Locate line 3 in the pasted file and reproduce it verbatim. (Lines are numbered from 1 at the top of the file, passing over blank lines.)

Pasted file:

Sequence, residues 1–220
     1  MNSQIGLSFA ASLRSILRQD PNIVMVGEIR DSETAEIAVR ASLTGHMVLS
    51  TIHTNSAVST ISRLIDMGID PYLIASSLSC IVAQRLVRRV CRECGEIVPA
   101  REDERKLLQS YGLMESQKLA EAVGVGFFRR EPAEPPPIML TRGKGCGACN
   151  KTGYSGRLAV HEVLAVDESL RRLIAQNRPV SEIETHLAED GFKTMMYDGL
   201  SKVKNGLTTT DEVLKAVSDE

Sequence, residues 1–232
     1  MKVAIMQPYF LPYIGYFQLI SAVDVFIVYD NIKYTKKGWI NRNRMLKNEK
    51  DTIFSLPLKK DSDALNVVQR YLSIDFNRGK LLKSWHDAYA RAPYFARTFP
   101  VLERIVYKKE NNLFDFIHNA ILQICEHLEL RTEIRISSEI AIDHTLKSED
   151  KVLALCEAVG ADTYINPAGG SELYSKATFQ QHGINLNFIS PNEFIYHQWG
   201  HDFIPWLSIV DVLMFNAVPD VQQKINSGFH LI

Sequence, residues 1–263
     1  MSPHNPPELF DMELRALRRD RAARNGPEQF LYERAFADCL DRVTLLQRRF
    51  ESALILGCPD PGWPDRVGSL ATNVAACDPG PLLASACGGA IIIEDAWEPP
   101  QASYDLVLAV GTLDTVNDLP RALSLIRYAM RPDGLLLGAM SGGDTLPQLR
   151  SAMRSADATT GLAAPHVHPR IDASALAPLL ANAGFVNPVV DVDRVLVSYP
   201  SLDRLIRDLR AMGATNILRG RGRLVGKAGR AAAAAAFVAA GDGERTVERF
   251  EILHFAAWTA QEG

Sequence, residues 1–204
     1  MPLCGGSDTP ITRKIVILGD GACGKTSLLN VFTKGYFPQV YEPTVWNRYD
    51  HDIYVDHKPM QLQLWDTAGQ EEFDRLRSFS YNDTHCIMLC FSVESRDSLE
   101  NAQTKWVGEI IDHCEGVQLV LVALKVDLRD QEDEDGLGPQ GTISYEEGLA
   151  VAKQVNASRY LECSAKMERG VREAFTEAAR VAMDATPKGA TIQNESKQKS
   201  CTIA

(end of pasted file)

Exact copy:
    51  TIHTNSAVST ISRLIDMGID PYLIASSLSC IVAQRLVRRV CRECGEIVPA